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When I Heard the Learn’d Astronomer
by Joel Marks
I played a part in the premature death of an eminent planetary geologist. A few years ago I attended a lecture by E___ S___ when he was visiting another university in my city. His talk was fascinating and totally fulfilled my wildest scientific fantasies. I had wanted to hear this man for decades, so when the talk was over, I walked up to shake his hand. But I hesitated, was distracted, and in the end did not meet him.
Several months later, E___ S___ was killed in an automobile accident while driving in the Australian outback. Do you share my intuition that, in all likelihood, he would be alive today had I introduced myself? For most accidents, like most (or all?) events, depend upon a precise convergence of circumstances, including the random thoughts transpiring in one’s mind, which may or may not distract one’s attention or affect one’s reaction time. But it seems to me unlikely to the point of impossibility that E___ S___ would have been having the identical thoughts at that particular moment months after the alternative scenario, even had the gross events of his life remained the same (e.g. the same flight to Australia and the same rental car). I imagine that in the interval his spoken words and all other behaviors would have been altered in some way as well, such that he might well not even have been at the accident scene at the critical instant; for example, had he not got round to making his plane reservation until one day (or one minute) later than he did, a different car might have been assigned to him, parked in a different location in the lot, resulting in a slight but crucial change of elapsed time before reaching the relevant spot in the road. In other words, I don’t believe in fate.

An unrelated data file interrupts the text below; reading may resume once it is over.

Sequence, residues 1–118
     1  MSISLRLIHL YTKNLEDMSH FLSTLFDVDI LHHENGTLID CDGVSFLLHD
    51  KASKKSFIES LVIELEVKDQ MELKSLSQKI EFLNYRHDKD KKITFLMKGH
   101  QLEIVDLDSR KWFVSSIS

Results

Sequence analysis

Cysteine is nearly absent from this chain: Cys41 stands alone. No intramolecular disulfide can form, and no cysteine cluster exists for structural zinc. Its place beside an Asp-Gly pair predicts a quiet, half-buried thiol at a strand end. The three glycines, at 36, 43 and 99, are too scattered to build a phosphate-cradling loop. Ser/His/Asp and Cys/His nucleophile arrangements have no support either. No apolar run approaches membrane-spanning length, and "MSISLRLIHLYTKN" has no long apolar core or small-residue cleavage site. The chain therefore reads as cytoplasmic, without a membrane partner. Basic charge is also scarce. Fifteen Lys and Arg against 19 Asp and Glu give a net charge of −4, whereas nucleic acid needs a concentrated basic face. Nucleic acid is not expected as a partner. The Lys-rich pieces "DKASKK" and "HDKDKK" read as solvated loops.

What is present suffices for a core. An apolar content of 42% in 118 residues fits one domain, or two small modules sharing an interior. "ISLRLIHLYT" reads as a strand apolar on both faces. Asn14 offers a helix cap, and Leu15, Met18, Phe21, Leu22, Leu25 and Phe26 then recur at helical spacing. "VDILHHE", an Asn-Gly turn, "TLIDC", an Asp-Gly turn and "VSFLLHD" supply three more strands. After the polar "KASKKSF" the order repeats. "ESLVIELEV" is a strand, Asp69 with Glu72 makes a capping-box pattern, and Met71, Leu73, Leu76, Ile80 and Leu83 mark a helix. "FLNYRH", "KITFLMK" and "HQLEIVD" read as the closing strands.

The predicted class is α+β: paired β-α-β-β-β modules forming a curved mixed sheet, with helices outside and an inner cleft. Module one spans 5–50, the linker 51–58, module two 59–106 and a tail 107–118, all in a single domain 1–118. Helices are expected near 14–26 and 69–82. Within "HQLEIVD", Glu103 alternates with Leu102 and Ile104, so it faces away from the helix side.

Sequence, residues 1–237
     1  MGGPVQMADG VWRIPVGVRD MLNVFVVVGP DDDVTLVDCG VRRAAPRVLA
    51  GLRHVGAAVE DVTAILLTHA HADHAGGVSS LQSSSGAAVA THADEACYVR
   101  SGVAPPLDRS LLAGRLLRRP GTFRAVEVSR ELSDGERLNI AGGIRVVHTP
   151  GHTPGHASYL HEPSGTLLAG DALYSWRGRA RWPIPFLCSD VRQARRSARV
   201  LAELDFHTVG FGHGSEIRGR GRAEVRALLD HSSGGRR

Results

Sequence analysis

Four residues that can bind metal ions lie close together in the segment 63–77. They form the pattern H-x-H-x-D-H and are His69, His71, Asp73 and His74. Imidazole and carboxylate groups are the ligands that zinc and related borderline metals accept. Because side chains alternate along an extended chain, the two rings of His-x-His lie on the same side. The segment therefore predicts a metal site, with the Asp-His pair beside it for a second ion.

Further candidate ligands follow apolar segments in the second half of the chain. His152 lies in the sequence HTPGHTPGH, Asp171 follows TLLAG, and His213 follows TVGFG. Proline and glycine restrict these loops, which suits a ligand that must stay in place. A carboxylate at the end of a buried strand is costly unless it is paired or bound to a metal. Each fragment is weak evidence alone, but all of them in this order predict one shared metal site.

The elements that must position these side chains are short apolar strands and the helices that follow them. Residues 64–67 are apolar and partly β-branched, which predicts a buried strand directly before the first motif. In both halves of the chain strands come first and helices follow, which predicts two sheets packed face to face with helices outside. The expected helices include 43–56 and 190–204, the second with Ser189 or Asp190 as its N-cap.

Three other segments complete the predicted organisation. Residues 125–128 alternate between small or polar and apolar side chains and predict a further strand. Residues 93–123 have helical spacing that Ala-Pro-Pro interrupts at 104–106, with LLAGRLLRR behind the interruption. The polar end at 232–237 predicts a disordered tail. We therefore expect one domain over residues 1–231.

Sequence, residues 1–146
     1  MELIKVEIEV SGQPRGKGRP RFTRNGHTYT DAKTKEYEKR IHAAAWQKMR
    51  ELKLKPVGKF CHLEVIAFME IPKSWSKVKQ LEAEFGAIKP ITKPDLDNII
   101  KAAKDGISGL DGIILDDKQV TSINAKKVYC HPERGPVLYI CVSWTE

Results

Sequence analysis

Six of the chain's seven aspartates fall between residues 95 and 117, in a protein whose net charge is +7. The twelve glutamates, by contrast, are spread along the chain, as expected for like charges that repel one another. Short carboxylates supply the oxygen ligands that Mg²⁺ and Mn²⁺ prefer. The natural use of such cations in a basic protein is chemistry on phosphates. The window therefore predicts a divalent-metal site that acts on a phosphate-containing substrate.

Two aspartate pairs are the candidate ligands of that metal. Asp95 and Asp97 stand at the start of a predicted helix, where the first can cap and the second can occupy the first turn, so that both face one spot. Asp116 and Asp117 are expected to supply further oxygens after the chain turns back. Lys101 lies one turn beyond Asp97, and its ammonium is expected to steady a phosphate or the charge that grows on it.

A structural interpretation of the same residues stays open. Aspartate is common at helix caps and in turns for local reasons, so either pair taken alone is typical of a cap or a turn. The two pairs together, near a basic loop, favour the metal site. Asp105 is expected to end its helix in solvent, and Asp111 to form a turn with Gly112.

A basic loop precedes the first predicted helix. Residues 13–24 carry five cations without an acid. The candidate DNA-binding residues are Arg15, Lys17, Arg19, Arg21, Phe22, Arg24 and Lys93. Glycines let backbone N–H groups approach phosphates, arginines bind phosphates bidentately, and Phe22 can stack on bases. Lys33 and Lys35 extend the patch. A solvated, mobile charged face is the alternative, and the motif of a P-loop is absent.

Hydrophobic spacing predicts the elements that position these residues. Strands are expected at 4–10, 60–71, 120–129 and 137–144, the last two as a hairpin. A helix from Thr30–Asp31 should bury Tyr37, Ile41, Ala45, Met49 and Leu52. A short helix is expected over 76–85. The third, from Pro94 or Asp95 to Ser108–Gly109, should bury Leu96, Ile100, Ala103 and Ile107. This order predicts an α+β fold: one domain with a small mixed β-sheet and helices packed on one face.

But neither do I feel guilty for having caused E___ S___’s death. Why not? Well, I didn’t really cause his death, did I? Suppose someone fell asleep with a cigarette in her hand, and the house burned down. What caused the fire? If investigators do trace the start to the cigarette, then most people would conclude that the cigarette caused the fire, or perhaps they would say, it was caused by a careless smoker. But would anyone insist that the oxygen in the room was the real culprit? (I mean, besides the smoker’s lawyer.) I don’t think so. And yet, of course, absent oxygen, no fire. Similarly, I doubt that anyone would say that I caused the death of the astronomer, even though, absent my act of omission, the death would not have occurred. More likely the offender was a drunken trucker driving in the wrong lane.
There is still something bizarre about all of this, however, for a real connection does exist between my behavior and the fatal outcome. Perhaps we could say that something can be the effect of something else, without having been caused by it? But the question remains: What significance does that connection have? In particular, does it have any moral significance? And if not, what is the significance of that?